Comments

1. amnirov - December 09, 2010 at 09:06 am

Good. Every state should ban affirmative action.

2. drnancylbush - December 09, 2010 at 09:59 am

Only in California could an activist group come up with as non-memorable name as "Coalition to Defend Affirmative Action, Integration, and Immigrant Rights and Fight for Equality by Any Means Necessary". This group needs to take a few marketing courses!

3. jffoster - December 09, 2010 at 10:14 am

Sounds like a Baroque book title. Or a Postmodernist Broke book title.

4. cwinton - December 09, 2010 at 10:27 am

Affimative action has had its day and it's time to move on. Over time afirmative action has morphed from a means for leveling the playing field for those affected by the vestiges of slavery to one of overt racial preferences and quotas, with rather dubious racial classification favoring some over others. Voters have recognized the manifest unfairness that has come to characterize affirmative action and have reacted accordingly. Its advocates need to stop trying to turn back the clock and work on some better means for curbing the human tendancy to discriminate based on irrational criteria.

5. rblackstar - December 09, 2010 at 12:33 pm

In response to most of the comments here, should we do nothing to address the structural barriers that many students in color face in the K-12 system, and maintain the status quo in access to education?

Affirmative action is an attempt to address the disparities in the K-12 system in regards to students of color access to higher education. It may have not historically been administered in the most egalitarian way, but the idea still has merit and value.

Reverse discrimination? Perhaps it is a case of not all members within one a dominant group not receiving preferential treatment in every area of society. When you look at the historical implications of the hegemonic practices, structural discrimination and exclusion of other groups for hundreds of years in this country, it is clear that affirmative action only plays a small part in attempting to address the historic inequalities of higher education institutions.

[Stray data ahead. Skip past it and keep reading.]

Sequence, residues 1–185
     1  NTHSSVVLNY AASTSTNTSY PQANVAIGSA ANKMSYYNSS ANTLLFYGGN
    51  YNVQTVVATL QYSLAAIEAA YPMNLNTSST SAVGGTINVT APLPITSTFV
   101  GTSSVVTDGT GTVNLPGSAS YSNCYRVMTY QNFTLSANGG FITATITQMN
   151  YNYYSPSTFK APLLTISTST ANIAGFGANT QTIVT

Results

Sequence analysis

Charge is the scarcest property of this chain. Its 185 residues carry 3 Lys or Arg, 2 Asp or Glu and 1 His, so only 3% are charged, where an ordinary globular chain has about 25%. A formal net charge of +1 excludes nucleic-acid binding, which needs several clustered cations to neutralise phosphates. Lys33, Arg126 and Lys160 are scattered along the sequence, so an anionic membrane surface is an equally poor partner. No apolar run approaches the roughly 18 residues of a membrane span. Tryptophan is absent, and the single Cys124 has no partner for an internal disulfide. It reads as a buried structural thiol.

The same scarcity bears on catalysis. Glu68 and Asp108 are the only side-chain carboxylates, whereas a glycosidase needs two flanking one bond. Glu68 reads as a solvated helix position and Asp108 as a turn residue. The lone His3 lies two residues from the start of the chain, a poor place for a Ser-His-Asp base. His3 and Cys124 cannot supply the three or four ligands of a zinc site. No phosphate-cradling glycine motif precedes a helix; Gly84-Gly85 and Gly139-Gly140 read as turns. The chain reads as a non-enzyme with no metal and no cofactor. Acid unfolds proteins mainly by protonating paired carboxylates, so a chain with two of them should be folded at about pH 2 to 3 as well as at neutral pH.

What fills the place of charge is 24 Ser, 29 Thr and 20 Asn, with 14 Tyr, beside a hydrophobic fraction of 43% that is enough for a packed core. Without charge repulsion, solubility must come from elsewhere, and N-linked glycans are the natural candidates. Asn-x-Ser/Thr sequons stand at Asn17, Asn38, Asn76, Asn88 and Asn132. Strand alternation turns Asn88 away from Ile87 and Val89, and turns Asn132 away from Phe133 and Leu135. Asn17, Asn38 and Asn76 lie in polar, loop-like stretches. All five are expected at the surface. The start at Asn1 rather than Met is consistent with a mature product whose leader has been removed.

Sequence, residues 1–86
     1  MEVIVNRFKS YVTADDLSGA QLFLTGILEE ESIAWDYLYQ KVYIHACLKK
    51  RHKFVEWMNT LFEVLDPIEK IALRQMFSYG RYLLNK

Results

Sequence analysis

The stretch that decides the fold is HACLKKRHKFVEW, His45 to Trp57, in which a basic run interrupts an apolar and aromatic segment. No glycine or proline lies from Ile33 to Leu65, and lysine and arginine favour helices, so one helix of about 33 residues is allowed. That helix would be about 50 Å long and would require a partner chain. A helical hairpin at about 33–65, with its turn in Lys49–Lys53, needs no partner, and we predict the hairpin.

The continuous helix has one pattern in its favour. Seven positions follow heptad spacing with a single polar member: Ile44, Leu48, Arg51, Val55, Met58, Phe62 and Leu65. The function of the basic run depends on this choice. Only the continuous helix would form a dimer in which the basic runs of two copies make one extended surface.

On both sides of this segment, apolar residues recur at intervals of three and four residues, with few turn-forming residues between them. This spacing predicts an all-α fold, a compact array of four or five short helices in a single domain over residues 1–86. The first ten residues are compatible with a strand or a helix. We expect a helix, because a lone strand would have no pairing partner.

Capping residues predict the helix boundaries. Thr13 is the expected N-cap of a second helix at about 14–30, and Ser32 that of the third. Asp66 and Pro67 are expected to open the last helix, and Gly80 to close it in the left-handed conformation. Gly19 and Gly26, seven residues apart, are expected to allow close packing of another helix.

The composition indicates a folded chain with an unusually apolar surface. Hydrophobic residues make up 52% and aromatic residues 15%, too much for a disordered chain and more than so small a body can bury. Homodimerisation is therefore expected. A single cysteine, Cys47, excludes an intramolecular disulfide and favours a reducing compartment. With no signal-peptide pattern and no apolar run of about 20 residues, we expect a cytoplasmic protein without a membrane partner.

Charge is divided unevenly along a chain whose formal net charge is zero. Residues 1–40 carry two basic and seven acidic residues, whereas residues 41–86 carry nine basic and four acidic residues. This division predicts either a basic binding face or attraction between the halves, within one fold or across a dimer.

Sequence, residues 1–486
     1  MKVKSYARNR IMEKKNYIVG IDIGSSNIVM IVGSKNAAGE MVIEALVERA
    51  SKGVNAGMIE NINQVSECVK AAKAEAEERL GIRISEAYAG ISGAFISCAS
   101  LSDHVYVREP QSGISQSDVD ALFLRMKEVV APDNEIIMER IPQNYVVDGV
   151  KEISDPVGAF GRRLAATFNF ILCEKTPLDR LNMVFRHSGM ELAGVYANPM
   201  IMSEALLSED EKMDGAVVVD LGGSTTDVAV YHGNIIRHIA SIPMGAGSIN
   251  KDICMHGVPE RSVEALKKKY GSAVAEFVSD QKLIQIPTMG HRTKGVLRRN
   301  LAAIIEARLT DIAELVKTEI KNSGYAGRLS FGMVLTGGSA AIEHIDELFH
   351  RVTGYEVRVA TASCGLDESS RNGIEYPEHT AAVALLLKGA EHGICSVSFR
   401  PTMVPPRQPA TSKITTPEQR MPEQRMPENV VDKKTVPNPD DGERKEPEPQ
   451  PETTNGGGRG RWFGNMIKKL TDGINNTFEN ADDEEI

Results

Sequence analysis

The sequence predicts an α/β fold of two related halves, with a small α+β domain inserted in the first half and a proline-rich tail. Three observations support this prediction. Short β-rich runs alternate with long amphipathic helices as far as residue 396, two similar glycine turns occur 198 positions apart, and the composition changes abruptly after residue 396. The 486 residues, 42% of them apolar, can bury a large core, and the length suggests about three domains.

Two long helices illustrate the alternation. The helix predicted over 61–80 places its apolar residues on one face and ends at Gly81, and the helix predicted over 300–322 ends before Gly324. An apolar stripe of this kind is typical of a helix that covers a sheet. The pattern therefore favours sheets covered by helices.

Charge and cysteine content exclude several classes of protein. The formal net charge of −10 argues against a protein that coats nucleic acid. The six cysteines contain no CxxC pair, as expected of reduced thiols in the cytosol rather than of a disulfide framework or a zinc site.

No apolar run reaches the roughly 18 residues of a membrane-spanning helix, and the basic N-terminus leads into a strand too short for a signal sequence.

6. lloyd_leighton - December 09, 2010 at 03:17 pm

The constitution guarantees equal opportunity, not equal results. Giving preference to people of color and discriminating against whites doesn't address the real issues causing the economic and educational gap between Whites, Blacks, Hispanics and Asians.

Consider this. According to the most recent figures from U.S Census Bureau, the median family income by race was;

Asian - $57,518
White - $48,977
Hispanic - $34,241
Black - $30,134

The Centers for Disease Control reports that the illegitimacy rates by race for 2007 (the most recent statistics I could find) were;

Asian - 16.6%
White - 34.8%
Hispanics - 51.3%
Black - 71.2%

What are the prospects that a 17 year old, unwed mother is going to finish high school?
What are the prospects that a 17 year old, unwed mother is going to finish a four year college degree?
What are the job prospects for a 17 year old unwed mother?

It seems to me that the evidence is pretty clear, being an unwed mother of any race has a dramatic negative impact on the wealth of both mother and the child.

Does prejudice exist? Sure it does. Is discrimination wrong? Sure it is. But, the important questions are, how many more years will we have to suffer discrimination against whites before we achieve racial harmony? How are we going to close the educational and economic gaps between the races if we are unwilling to address the core issue of illegitimacy?

7. softshellcrab - December 09, 2010 at 04:54 pm

@ rblackstar in #5 writes " In response to most of the comments here, should we do nothing to address the structural barriers that many students of color face in the K-12 system, and maintain the status quo in access to education?"

Yes. Exactly. Do nothing. We should do nothing to address your make-believe "structural barriers".